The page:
In the 13th episode we talk to Simon Pears, Chair of the International Professional Security Association (IPSA). Simon is implementing a plan that could potentially provide IPSA with key data about the treatment of frontline security personnel around the world. So why is this important, and if successful, how might this data inform policy and practice related to the private security sector and human rights across different jurisdictions?
Richard Robinson is a Senior Advisor for GardaWorld. His vast experience has seen him working in and across all sectors, corporate, non-profit and government. He was born in the Democratic Republic of Congo and spent the last two decades there, which included setting up one of the largest tin mines in the world in a remote region of North Kivu. So what have his experiences working for and contracting private security companies in DRC taught him about the role responsible security can play in settings renowned for corruption and conflict?
Candace Rondeaux, Professor of Practice at the School of Politics and Global Studies and a Senior Fellow with the Center on the Future of War at Arizona State University, shares her insights on the rise of Russian mercenaries, including the Wagner group, in various conflicts around the world. What's driving the increasing prevalence of mercenaries, and what, if anything, can be done to reign in these actors to ensure human rights and International humanitarian laws are respected?
In the first episode of the second series, we talk to two members of the ICoCA Board of Directors, Jo Anthoine, Director of Risk and Welfare, GardaWorld and Michelle Quinn, Senior Vice President, Patriot Group International. Why did they choose careers in the private security sector? What has their experience been of the challenges and opportunities women face in a male-dominated industry. How and why do private security companies and the communities in which they operate, benefit by bringing more women into the workforce?
We talk to Jonathan Drimmer, a Partner at Paul Hastings law firm and Strategic Advisor with the Voluntary Principles on Security and Human Rights to find out why companies should care about human rights and the risks they face if they ignore these risks. Jonathan shares his insights on the challenges organisations face in ensuring human rights compliance throughout their global operations and supply chains. So why is private security so central to this, and what trends should we look out for in the years ahead?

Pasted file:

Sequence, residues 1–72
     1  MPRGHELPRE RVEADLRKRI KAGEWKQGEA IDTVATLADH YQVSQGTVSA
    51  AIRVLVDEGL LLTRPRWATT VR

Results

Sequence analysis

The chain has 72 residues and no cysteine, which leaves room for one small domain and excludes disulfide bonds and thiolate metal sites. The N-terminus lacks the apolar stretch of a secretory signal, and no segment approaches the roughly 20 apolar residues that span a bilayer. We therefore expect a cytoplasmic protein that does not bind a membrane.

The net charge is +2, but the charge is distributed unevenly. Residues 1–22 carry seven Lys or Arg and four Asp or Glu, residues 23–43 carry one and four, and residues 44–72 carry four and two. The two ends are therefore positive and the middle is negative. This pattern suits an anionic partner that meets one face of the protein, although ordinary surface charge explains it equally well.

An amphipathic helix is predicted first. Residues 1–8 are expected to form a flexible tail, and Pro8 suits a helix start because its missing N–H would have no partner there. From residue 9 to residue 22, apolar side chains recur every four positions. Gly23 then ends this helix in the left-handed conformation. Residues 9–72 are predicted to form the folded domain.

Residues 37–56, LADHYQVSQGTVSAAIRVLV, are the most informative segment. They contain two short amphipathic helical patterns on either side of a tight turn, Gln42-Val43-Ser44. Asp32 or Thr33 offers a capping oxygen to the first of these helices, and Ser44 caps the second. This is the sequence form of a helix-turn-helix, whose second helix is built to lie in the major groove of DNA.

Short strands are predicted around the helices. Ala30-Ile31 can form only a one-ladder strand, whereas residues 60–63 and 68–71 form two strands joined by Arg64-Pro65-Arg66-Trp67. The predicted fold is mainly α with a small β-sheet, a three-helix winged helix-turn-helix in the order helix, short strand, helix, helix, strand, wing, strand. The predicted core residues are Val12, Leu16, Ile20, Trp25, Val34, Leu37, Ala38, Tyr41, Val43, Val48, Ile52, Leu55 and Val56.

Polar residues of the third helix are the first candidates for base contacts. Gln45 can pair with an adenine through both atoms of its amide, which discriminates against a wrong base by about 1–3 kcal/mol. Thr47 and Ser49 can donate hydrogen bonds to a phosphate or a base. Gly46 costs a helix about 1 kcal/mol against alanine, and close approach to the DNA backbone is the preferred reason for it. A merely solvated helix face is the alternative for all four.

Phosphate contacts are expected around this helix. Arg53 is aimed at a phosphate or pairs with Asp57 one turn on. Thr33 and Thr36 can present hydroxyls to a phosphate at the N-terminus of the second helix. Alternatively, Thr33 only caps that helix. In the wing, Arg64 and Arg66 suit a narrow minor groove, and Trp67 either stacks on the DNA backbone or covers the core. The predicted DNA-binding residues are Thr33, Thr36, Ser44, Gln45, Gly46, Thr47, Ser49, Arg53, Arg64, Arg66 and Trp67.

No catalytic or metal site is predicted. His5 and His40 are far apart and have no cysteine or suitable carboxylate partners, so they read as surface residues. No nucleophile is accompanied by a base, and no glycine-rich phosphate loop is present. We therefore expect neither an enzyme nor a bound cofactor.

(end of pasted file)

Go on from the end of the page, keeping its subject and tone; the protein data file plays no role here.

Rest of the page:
In Episode 7, we talk to Dr. Christopher Kinsey, Reader at Kings College London, who has spent the last twenty years researching and writing on the subject of private security. Dr. Kinsey describes how the private security sector has changed since he started his research, and how accountability mechanisms have developed during this period. So what are the different regulatory models at play, and where does international law fit in?
To find out why modern slavery persists in the private security sector we talk to James Sinclair, Executive Director of Ethical Innovations and one of the Co-Founders of FSI Worldwide, an ethical recruitment company with its roots in the private security space. Why have modern slavery and the private security sector become intertwined and what can be done to stop such practices in the future? James, a practicing lawyer and serial entrepreneur who is also currently pursuing a PhD on this subject, shares his insights.
In Episode 5 we talk to Emily Munro, Head of Strategic Anticipation at the Geneva Centre for Security Policy (GSCP). We start by asking what COVID-19 has taught us about strategic anticipation. How well-prepared were we for a pandemic and what has this preparedness taught us about the importance of using strategic foresight to be better prepared in the future? How can we anticipate what will be the most significant challenges to the private security sector in the future? How can strategic anticipation be harnessed by multi-stakeholder initiatives with diverse stakeholder groups like ICoCA?